Juan Hinojosa is a New York-based multi-media installation artist whose collage-drawings, composed of found and stolen detritus of pop culture, intimately challenge greed, obsessive consumption, and social stratification.
Juan holds a BFA from Parsons School of Design, and was awarded residencies at the Aljira Center for Contemporary Art, the Vermont Studio Center, and the Patron & New York Foundation for the Arts “Simply Perfect” program.
Juan’s exhibitions include The Queens Museum of Art, El Museo del Barrio, and Allegra LaViola Gallery. His work can be viewed on his website.
Assets for Artists intern Harry Gilbert interviews Juan Hinojosa on his passion for pop culture, his use of recycled images and materials, and the social and historical location of his work.
Can you describe, for those who are unfamiliar with your work, your craft?
I usually describe my work as mixed media on paper or installation that resembles a pop art version of a Rorschach test. However, there’s a little more to it then that. Clearly I have a connection to strong comic book superheroes, an unhealthy obsession with fashion, junk food, and a need to obtain things I cannot afford.
My process is very green … for the most part. Everything I collage with is either found or stolen. There’s always an opportunity to recycle everyday items and I like to think I’m doing my part to save the environment. Using products and everyday items brings to mind my own issues with consumerism and greed. It’s a national epidemic and the reason a number of people of this generation are in serious debt.
If memory serves me right, collage was pioneered, with a few other historical precedents, by the Dadaists and surrealists in the early twentieth century, and many of these artists, like yourself, utilized transportation tickets, advertisements, and other quotidian materials and imagery. Do you see yourself as in dialogue with any particular movements (artistic, political, or otherwise)?
I am not sure if can place myself inside the boundaries of a movement or something. Honestly I haven’t given it much thought. I would say my work stems from pop culture, my vastly different social circles, and the city itself. I find it fascinating that the city is filled with so many different types of people and those who travel between the high and low ends of society. As a traveler myself I must admit it’s pretty amazing. And it’s this mixing of high and low that I am putting down on paper and in installations.
Collage is media abstracted from an original frame and implanted into a new one. In this context, it seems impossible not to talk about intellectual property and appropriation in an era of global capitalism. Urban Outfitters, for instance, produced a shirt with the logo of the United Farm Workers, the adopted symbol of the Chican@ rights movement. Your work, rather than complicit with this system of oppression, offers a critique of capitalism, consumerism, and globalization. Could you talk about the murky space between appropriation for criticism and appropriation for profit?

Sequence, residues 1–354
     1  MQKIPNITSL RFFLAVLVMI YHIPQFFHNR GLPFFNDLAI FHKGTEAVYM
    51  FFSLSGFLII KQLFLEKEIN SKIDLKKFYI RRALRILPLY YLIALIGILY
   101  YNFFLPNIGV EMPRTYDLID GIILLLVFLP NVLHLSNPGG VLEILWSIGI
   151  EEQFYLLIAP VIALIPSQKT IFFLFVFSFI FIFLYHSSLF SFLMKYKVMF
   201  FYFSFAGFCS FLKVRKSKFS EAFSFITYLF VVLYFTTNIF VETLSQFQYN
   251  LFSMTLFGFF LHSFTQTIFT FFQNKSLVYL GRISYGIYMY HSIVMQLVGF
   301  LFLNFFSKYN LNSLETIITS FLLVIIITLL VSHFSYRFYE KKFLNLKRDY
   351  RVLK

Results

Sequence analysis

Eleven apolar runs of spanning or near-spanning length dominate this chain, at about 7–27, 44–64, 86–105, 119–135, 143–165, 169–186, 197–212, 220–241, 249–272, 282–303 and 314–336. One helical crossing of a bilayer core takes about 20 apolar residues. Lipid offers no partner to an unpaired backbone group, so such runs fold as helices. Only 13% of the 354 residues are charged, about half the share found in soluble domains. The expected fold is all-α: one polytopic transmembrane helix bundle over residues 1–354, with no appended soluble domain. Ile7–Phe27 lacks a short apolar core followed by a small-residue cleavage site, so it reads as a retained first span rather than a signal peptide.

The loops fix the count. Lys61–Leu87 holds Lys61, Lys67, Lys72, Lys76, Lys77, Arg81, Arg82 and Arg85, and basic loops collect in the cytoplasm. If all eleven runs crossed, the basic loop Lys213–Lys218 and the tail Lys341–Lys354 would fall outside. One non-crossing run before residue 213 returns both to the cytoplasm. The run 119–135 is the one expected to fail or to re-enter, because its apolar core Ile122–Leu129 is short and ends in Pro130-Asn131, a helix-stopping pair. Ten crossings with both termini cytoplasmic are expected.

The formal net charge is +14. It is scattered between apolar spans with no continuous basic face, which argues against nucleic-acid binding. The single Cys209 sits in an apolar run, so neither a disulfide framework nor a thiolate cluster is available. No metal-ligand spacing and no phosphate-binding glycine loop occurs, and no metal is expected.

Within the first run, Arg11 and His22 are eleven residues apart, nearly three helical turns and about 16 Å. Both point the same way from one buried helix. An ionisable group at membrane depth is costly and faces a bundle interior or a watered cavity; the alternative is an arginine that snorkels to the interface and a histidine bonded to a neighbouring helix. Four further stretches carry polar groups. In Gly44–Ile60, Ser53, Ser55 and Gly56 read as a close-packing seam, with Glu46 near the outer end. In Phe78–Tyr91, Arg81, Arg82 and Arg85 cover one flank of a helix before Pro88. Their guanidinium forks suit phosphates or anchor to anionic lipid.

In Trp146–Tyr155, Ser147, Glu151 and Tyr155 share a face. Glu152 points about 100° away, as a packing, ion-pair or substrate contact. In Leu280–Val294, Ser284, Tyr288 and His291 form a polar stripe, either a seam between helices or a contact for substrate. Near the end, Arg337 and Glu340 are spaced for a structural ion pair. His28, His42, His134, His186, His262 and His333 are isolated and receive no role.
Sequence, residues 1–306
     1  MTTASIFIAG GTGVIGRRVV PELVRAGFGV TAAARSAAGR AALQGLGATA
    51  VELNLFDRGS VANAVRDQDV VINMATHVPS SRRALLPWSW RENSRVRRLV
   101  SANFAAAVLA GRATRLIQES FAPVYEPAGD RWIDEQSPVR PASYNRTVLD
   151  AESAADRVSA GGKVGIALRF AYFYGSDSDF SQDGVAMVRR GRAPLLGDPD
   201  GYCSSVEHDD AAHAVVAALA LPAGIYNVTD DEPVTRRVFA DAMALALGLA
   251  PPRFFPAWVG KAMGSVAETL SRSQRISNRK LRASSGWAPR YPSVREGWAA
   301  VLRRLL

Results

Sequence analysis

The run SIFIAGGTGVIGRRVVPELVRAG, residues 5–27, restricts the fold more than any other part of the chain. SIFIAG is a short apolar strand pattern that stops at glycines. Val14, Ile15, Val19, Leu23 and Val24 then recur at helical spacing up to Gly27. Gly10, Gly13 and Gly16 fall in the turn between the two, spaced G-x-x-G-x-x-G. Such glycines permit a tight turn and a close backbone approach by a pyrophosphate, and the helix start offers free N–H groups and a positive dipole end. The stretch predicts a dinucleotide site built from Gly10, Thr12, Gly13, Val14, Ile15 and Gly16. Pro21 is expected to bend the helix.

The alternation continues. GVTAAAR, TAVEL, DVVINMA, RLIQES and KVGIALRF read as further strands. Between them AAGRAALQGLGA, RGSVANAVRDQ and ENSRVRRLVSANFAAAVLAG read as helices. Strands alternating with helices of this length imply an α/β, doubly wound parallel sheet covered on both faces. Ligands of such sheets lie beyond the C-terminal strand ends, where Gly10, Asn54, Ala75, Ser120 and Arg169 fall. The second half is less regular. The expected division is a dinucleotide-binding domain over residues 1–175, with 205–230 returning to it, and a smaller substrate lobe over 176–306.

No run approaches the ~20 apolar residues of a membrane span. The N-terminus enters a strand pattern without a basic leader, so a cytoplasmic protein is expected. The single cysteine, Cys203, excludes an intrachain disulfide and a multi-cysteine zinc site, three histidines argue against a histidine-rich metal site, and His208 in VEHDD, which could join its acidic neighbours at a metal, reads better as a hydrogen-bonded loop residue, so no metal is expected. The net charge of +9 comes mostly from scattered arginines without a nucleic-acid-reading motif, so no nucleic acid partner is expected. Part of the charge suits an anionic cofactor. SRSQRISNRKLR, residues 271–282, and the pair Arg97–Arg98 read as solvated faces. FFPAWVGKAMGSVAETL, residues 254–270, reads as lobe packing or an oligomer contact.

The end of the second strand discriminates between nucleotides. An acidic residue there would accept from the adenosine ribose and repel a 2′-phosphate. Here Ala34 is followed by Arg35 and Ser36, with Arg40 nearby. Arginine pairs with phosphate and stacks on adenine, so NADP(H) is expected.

As far as intellectual property is concerned, I don’t care. I seriously doubt Miuccia Prada is sitting in her villa in Italy worrying about me, my use of her iconic logo, or my effect on her amazing brand. The love affair between fashion designers and artists goes way back. (Tom Sachs, Kaws, and of course Andy Warhol) I am merely following in their foot steps.
Oh Urban Outfitters … I worked there for a summer during college. If those walls could talk. Yes, appropriation can be slippery slope but lucky for me I am not an annoying store that sells over priced trash to college students and hipsters.
I’m particularly interested in the work you did with FRAMING AIDS at the Queens Museum of Art. I haven’t been able to see much of it beyond very small thumbnails. Could you describe the pieces and exhibition a bit? And can you talk about how the pieces fit within your greater project and the critiques you level?
The FRAMING AIDS piece was difficult on many levels. On one hand I didn’t have an opportunity to see the space prior to the installation day which makes prepping next to impossible. On the other hand the exhibition asked every artist to remove color and any sense of a likeness to previous work. The curator Hector Canonge is great. It was such a great concept and a challenge to remove a number of elements you might rely on to communicate a message to the viewer. I think the piece allowed me the opportunity to view my work in a different light. The image of that piece still lingers in my head.
You had mentioned in an interview with the blog 500 Sandwiches that you were working on several new projects for 2013. Can you give us a bit of a sneak preview?
The 500 Sandwiches interview was hilarious. 2013 was a great year for me. I gave a four artist talks at the Children Museum of Manhattan. I am in a traveling group show which is about to start the second leg of the show in Sept 2013 – Feb 2014. The exhibition has such a wide range artists that all live in Queens!
Naturally I have a few more projects in the works but I’m not at liberty to talk about them just yet.